The main action Trump has taken on guns in office has been to sign a resolution blocking an Obama-era rule designed to keep guns out of the hands of certain mentally disabled people. The president has voiced strong support for gun rights and the National Rifle Association.
Since the attack, students from the school have become increasingly vocal in their demands for gun-control measures. Many have pointed out politicians who take financial support from the National Rifle Association, and some have lashed out at Trump, saying he was busy blaming Democrats for failing to pass gun restrictions while taking no action of his own.
Students also are calling for anti-gun violence demonstrations in Washington and other cities March 24.
Organizers behind the anti-Trump Women's March called for a 17-minute nationwide walkout by teachers and students March 14, and a gun-control group was calling for a rally to ban assault weapons Wednesday at the Florida Capitol.
CHICAGO — The traffic death toll in Chicago is growing, and the national count remains at historic highs, despite new car safety technology.
That means it's past time to slow down, stay sober and stop trying to multitask while you drive, according to traffic safety experts.
"We're really treading water in terms of roadway safety, which is unfortunate" said Kenneth Kolosh, manager of statistics for the National Safety Council, a safety advocacy organization based in Itasca. "We'd like to see actually very large decreases."
Safety improvements to cars, like crash-avoidance technology, "really haven't moved the needle," Kolosh said. He cited a host of factors contributing to the high death count: more cars on the roads because of low gas prices and an improved economy, distracted drivers and pedestrians, high speeds and alcohol use.
In Chicago, the number of traffic deaths rose sharply last year over 2016, to 133 from 113, an 18 percent jump, according to city transportation and police department figures. This is above the 2011-15 average of 126.2
In the U.S., traffic deaths and injuries have plateaued, with a slight decrease of 1 percent from 2016 to 2017, with an estimated 40,100 people killed and 4.57 million seriously injured on the roads, according to data released last week by the National Safety Council. The council gets preliminary numbers from all 50 states ahead of the official count that will be released in December by the National Highway Traffic Safety Administration.
But a plateau is nothing to be happy about — it's just a leveling off of the steepest two-year increase in over 50 years, according to the council. Deaths have exceeded 40,000 for two years in a row.
Illinois has followed the national trend — the numbers remained largely unchanged from 2016 to 2017, but deaths last year were six percent higher than they were in 2015, the National Safety Council said.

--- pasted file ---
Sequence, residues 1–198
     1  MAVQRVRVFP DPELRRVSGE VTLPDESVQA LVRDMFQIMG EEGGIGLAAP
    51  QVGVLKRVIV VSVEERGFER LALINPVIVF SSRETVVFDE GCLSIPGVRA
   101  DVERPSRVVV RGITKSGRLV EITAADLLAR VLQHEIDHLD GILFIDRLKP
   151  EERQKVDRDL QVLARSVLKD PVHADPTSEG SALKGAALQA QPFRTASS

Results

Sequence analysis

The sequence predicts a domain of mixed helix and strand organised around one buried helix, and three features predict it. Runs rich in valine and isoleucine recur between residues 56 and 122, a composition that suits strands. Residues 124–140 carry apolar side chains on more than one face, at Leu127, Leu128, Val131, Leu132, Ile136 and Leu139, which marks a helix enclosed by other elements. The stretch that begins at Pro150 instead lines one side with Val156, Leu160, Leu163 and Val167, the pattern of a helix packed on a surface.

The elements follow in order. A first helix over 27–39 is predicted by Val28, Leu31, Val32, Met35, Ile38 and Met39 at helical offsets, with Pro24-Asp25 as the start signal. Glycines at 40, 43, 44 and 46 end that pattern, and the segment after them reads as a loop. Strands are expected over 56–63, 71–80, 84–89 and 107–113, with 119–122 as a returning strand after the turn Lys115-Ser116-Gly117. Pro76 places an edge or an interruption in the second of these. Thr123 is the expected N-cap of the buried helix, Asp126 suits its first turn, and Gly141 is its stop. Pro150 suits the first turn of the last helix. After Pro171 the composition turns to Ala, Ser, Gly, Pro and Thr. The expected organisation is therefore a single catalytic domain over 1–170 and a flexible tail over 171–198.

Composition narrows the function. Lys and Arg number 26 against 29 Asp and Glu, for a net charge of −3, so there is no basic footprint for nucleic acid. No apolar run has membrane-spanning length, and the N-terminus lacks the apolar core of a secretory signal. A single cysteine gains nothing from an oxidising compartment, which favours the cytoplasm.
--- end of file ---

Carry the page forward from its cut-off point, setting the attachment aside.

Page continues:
In Chicago, deaths for motor vehicle drivers and passengers rose to 80 last year from 63 in 2016; pedestrian deaths rose to 46 from 44; and bicycle fatalities involving motor vehicles rose from 6 to 7. Pedestrian and bike deaths were both above the 2011-15 average of 38.2 and 6.2, respectively.
There has also been a large increase nationally in pedestrian deaths — up 9 percent in 2016 from 2015, along with an increase in fatalities for other vulnerable road users such as cyclists and motorcycle riders, Kolosh said. Pedestrian, bike and motorcycle numbers were not yet available nationally for 2017.
Rebekah Scheinfeld, commissioner of the Chicago Department of Transportation, said while cellphone use by walkers may be a factor in some fatal crashes, the bigger issue is driver behavior.
A pedestrian "using their cellphone does not pose the same risk as someone driving and looking at their cellphone," Scheinfeld said.
Mike Amsden, an assistant director of planning with the department, noted that most pedestrian deaths happen when the pedestrian is doing something legal, like crossing the street. Eighteen of last year's pedestrian deaths were hit-and-runs.
Patrick Salvi, a lawyer whose firm, Salvi, Schostok & Pritchard specializes in traffic-related deaths and injuries, said he often sees cases where pedestrians were not obeying the rules of the road.
"They've got to stay visible, avoid distractions and avoid using alcohol," Salvi said.
Knowing the risk of using technology like mobile phones and GPS does not keep drivers from doing it, according to a recent survey of more than 1,000 U.S. drivers by Esurance Insurance Services. While 91 percent of surveyed drivers believe that texting while driving is distracting, more than half admit to doing it anyway, because they're busy or bored.
Three out of 10 of those surveyed know someone who has experienced a distracted driving crash or close call, and one out of 10 have experienced a crash or close call personally, the survey found.
Kolosh said the distracted driving trend seems to be "evolving" with more advanced technology, but that does not mean things are getting better. National Highway Traffic Safety Administration studies see a decrease in the percentage of drivers observed using their cellphones, Kolosh said.
However, hands-free technology has been found to be just as distracting and "cognitively taxing" as using your hands to operate a phone, Kolosh said.
"There is no safe way to interact and do multitasking behind the wheel," Kolosh said.